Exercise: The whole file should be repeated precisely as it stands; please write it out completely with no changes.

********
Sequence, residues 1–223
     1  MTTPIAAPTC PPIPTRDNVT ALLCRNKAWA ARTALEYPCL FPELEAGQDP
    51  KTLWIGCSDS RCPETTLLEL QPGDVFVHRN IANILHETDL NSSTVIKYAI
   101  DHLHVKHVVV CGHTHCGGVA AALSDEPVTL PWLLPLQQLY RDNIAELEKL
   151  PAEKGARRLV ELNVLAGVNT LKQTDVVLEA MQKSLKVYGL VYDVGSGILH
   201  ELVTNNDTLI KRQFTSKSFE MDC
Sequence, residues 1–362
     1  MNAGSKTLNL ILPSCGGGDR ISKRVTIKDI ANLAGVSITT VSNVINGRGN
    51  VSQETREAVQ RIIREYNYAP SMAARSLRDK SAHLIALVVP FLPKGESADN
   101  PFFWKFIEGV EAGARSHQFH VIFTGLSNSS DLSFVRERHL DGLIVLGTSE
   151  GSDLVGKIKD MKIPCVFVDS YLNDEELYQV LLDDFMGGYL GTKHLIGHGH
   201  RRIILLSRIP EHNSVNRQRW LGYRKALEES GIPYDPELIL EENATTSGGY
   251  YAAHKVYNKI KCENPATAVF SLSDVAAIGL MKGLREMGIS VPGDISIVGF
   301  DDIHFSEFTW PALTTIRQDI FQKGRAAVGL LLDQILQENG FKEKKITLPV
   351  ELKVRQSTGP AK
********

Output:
Sequence, residues 1–223
     1  MTTPIAAPTC PPIPTRDNVT ALLCRNKAWA ARTALEYPCL FPELEAGQDP
    51  KTLWIGCSDS RCPETTLLEL QPGDVFVHRN IANILHETDL NSSTVIKYAI
   101  DHLHVKHVVV CGHTHCGGVA AALSDEPVTL PWLLPLQQLY RDNIAELEKL
   151  PAEKGARRLV ELNVLAGVNT LKQTDVVLEA MQKSLKVYGL VYDVGSGILH
   201  ELVTNNDTLI KRQFTSKSFE MDC
Sequence, residues 1–362
     1  MNAGSKTLNL ILPSCGGGDR ISKRVTIKDI ANLAGVSITT VSNVINGRGN
    51  VSQETREAVQ RIIREYNYAP SMAARSLRDK SAHLIALVVP FLPKGESADN
   101  PFFWKFIEGV EAGARSHQFH VIFTGLSNSS DLSFVRERHL DGLIVLGTSE
   151  GSDLVGKIKD MKIPCVFVDS YLNDEELYQV LLDDFMGGYL GTKHLIGHGH
   201  RRIILLSRIP EHNSVNRQRW LGYRKALEES GIPYDPELIL EENATTSGGY
   251  YAAHKVYNKI KCENPATAVF SLSDVAAIGL MKGLREMGIS VPGDISIVGF
   301  DDIHFSEFTW PALTTIRQDI FQKGRAAVGL LLDQILQENG FKEKKITLPV
   351  ELKVRQSTGP AK